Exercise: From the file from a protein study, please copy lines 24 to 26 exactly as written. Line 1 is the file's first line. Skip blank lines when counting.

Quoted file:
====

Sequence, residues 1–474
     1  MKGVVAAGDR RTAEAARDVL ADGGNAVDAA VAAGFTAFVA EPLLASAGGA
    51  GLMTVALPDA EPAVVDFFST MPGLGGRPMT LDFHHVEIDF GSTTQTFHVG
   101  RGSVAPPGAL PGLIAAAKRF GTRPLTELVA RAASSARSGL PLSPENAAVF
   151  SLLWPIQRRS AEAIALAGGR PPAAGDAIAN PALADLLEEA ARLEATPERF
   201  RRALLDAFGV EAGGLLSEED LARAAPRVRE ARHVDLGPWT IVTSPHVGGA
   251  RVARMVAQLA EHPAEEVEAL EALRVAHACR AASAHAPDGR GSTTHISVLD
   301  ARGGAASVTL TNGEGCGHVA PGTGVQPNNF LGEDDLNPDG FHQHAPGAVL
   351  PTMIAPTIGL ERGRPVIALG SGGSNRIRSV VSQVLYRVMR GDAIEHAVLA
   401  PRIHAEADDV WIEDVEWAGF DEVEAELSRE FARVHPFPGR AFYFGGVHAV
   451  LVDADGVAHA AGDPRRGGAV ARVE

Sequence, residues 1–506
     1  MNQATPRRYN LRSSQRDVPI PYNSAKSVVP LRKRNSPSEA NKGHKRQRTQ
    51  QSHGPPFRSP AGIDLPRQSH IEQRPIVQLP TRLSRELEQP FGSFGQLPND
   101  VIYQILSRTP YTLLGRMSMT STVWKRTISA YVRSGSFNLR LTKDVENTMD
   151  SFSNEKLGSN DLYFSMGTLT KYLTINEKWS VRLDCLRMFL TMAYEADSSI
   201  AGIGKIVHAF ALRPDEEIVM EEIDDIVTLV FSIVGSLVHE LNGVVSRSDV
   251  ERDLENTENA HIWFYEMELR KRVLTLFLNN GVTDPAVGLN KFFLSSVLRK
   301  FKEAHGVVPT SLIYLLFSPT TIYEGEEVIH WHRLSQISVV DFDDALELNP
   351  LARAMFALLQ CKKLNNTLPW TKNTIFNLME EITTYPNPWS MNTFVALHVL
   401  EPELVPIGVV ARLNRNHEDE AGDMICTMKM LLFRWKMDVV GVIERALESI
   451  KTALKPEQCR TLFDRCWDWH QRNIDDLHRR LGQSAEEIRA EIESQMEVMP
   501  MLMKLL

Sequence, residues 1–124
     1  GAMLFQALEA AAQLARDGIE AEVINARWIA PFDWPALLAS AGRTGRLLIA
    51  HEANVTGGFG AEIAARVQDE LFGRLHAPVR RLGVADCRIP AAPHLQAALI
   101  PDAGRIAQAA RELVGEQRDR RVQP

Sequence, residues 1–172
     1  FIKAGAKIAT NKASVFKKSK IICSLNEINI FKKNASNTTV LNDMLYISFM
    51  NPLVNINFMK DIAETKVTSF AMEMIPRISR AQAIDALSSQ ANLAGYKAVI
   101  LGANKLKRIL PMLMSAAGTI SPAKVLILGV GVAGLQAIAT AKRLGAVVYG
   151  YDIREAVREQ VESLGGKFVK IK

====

Sequence, residues 1–124
     1  GAMLFQALEA AAQLARDGIE AEVINARWIA PFDWPALLAS AGRTGRLLIA
    51  HEANVTGGFG AEIAARVQDE LFGRLHAPVR RLGVADCRIP AAPHLQAALI